Assuming proper plaintiffs can be found, there are significant obstacles to a suit ever reaching the final issue of ownership, such as the Immunity from Seizure Act, the Foreign Sovereign Immunities Act, and the Act of State doctrine.

Can the return of the archives be blocked? thImmunity from Seizure Act

The Immunity from Seizure Act (22 U.S.C. § 2459) is designed to protect foreign cultural property brought in the United States for temporary exhibition from being seized by U.S. litigants.  In August 2003, the State Department published this Notice in the Federal Register determining (1) that:
historic and modern books, documents, parchment scrolls, and other items discovered in early May 2003 in the basement of the Mukhabarat in Baghdad, most of which pertain to the Jewish community, imported from abroad for temporary exhibition in the United States, including restoration necessary thereto, are of cultural significance
(2) that these materials were "imported pursuant to an agreement with the foreign owner or custodian" and (3) that their eventual exhibition at NARA "is in the national interest."

What does this mean?  Under the Immunity from Seizure Act, the publication of these determinations means that no U.S. court "may issue or enforce any judicial process, or enter any judgment, decree, or order" that deprives the institution exhibiting the property -- in this case NARA -- of custody and control of the property.  On first blush, that seems quite broad, and if a lawsuit were filed in relation to the Jewish archives, the DOJ would unquestionably intervene and challenge the suit on this basis.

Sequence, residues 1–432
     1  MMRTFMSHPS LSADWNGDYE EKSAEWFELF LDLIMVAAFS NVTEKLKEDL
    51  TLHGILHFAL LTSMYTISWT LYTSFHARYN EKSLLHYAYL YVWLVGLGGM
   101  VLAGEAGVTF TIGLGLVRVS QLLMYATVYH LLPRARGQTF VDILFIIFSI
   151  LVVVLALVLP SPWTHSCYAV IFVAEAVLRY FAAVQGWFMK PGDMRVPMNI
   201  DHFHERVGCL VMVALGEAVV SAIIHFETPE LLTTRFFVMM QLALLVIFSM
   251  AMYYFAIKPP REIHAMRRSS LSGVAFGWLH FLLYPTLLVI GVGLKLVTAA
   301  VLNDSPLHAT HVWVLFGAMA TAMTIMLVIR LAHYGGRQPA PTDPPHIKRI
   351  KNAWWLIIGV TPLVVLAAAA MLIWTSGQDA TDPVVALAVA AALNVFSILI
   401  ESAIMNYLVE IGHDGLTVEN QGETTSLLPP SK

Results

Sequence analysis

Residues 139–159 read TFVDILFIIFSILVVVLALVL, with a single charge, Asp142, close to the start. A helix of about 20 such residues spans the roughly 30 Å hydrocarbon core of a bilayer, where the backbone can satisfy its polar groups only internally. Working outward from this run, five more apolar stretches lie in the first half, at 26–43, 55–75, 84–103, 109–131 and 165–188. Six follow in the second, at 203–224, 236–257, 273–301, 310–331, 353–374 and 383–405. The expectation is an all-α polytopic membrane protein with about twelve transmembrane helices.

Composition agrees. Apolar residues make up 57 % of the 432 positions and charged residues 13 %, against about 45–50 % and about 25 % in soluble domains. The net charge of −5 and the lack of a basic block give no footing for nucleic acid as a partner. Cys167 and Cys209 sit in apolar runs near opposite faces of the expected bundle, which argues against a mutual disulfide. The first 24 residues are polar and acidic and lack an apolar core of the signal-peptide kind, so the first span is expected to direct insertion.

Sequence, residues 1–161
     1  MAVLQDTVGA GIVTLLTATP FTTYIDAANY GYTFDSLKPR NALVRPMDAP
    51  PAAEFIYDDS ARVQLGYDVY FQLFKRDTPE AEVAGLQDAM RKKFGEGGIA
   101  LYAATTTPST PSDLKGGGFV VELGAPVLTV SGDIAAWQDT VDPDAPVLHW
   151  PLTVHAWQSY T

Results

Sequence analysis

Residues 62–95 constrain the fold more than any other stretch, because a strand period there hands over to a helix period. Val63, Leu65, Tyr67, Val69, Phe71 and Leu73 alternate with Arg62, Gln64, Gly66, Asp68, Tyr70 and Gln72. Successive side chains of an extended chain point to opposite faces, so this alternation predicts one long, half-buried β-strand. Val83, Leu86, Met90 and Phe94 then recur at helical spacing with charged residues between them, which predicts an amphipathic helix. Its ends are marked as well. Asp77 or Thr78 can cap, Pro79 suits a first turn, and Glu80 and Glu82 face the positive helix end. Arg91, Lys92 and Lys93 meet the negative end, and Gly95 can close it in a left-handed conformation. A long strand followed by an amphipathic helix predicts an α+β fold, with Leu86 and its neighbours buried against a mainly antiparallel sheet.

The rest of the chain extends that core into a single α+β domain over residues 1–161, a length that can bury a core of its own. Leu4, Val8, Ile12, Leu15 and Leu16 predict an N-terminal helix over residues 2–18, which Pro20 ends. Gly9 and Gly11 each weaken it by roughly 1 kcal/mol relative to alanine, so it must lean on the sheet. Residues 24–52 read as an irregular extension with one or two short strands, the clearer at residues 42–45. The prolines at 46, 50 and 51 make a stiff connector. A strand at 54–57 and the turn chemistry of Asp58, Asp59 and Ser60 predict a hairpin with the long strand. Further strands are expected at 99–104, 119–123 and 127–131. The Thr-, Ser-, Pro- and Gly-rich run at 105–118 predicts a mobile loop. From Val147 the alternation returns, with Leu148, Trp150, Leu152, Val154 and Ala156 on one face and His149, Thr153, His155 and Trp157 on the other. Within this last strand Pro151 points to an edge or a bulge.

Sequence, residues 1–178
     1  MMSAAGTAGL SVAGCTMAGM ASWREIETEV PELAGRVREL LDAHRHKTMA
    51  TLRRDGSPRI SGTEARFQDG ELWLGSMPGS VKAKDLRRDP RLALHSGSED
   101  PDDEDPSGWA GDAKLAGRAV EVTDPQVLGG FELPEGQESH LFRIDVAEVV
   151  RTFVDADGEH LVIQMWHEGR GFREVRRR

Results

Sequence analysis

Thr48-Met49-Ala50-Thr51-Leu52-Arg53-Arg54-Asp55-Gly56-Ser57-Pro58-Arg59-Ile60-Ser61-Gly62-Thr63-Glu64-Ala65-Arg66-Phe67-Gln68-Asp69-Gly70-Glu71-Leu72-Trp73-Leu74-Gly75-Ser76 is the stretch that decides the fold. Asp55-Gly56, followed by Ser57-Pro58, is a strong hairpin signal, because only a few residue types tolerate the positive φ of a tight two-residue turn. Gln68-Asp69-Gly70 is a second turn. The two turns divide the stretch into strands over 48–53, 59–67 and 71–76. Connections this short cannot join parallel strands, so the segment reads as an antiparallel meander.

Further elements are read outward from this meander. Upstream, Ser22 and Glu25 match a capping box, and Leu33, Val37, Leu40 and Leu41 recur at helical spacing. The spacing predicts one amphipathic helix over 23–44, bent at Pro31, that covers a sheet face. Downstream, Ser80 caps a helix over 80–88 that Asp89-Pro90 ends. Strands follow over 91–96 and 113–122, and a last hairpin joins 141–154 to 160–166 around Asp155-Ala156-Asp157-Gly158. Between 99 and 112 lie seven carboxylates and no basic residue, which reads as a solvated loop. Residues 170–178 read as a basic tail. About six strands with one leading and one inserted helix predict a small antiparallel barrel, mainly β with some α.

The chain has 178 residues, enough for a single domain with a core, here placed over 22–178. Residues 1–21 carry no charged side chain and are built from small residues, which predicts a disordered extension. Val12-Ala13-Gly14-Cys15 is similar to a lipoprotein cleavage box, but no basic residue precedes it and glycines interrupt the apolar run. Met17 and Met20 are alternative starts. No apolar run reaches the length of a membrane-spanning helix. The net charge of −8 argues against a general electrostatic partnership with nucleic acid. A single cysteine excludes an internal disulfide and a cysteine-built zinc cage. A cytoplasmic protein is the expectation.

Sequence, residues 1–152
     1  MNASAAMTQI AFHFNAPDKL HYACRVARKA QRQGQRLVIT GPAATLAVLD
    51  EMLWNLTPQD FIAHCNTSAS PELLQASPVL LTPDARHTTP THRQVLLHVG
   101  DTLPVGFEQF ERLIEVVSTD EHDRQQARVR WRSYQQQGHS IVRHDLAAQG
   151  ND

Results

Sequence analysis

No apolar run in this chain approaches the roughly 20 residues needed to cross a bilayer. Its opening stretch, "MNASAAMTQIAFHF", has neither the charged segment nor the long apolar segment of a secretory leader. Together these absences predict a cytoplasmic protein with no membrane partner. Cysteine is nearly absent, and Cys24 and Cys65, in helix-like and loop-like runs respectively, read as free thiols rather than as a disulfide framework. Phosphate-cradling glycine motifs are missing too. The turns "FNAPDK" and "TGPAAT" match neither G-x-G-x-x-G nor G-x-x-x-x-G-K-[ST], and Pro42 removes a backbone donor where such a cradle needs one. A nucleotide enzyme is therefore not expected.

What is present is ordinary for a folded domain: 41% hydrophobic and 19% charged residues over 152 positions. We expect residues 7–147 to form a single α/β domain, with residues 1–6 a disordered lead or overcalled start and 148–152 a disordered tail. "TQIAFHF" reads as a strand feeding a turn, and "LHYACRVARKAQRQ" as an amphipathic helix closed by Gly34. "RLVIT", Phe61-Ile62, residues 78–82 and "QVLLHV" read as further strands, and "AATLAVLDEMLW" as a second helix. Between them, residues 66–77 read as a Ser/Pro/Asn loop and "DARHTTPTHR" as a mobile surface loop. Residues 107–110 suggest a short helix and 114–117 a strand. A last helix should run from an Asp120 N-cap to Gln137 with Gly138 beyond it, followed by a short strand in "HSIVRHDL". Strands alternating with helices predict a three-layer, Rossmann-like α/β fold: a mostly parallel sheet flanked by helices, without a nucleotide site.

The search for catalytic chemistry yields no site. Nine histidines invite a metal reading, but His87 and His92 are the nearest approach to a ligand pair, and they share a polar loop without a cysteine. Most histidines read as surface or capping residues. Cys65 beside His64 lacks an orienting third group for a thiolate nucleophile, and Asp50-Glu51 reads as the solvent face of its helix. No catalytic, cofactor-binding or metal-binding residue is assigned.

A plaintiff could, in turn, directly challenge the State Department's determinations and the invocation of the Act.  It is hard to believe that the due diligence State purports to require for requests for immunity was undertaken in the case of the Jewish archives. This checklist requires a "professional inquiry" using "independent, multi-source research" into the provenance of the property and a certification that the applicant does not know "or have reason to know" of any "potential for competing claims of ownership." Was there really such a certification regarding the Jewish archives?  Moreover, the CPA/NARA Agreement may support an argument that the planned "exhibition" was a pretext to invoke the Act and that the presence of the archives in the U.S. for more than a decade without any such exhibition stretches the Act too far.  The best time for such a challenge, however, would have been years ago when no exhibition was imminent.  In any event, a challenge to the State Department determinations would be unlikely to prevail. See, e.g., Magness v. Russian Federation, 84 F. Supp. 2d 1357 (S.D. Ala. 2000) (refusing to overrule immunity from seizure determination and to prevent the return of cultural artifacts to Russia).

While the Immunity from Seizure Act may likely therefore preclude a lawsuit against NARA challenging NARA's custody or NARA's plan to return the documents to Iraq, the Act may still allow a U.S. court to hear a case against the foreign "owner" -- the Republic of Iraq, the Iraqi Ministry of Culture, and/or the Iraqi SBAH -- in relation to the legal status of that property.  See, e.g., Malewicz v. City of Amsterdam, 362 F. Supp. 2d 298, 312 (D.D.C. 2005) ("Immunity from seizure is not immunity from a suit for a declaration of rights").   As in the Chabad v. Russian Federation case regarding Jewish archives in Moscow (previously discussed here and here), a lawsuit related to the legal issue of ownership doesn't even necessarily require that the property be in the United States.

A suit against a foreign sovereign government, however, raises other issues . . .

Does the Foreign Sovereign Immunity Act preclude litigation against Iraq?